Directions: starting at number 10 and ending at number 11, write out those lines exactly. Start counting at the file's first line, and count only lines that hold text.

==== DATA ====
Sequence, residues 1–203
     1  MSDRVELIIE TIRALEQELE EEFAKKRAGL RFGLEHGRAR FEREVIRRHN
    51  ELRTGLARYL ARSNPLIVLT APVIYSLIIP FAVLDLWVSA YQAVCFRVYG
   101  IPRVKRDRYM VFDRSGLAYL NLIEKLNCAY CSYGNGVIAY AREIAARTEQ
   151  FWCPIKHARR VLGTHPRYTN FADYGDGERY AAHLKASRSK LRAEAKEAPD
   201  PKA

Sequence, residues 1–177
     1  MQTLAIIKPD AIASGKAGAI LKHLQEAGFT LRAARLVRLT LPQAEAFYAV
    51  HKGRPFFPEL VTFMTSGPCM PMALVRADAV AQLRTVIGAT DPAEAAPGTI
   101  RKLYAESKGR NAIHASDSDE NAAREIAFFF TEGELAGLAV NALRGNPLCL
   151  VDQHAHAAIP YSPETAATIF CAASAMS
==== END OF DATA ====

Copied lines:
   101  RKLYAESKGR NAIHASDSDE NAAREIAFFF TEGELAGLAV NALRGNPLCL
   151  VDQHAHAAIP YSPETAATIF CAASAMS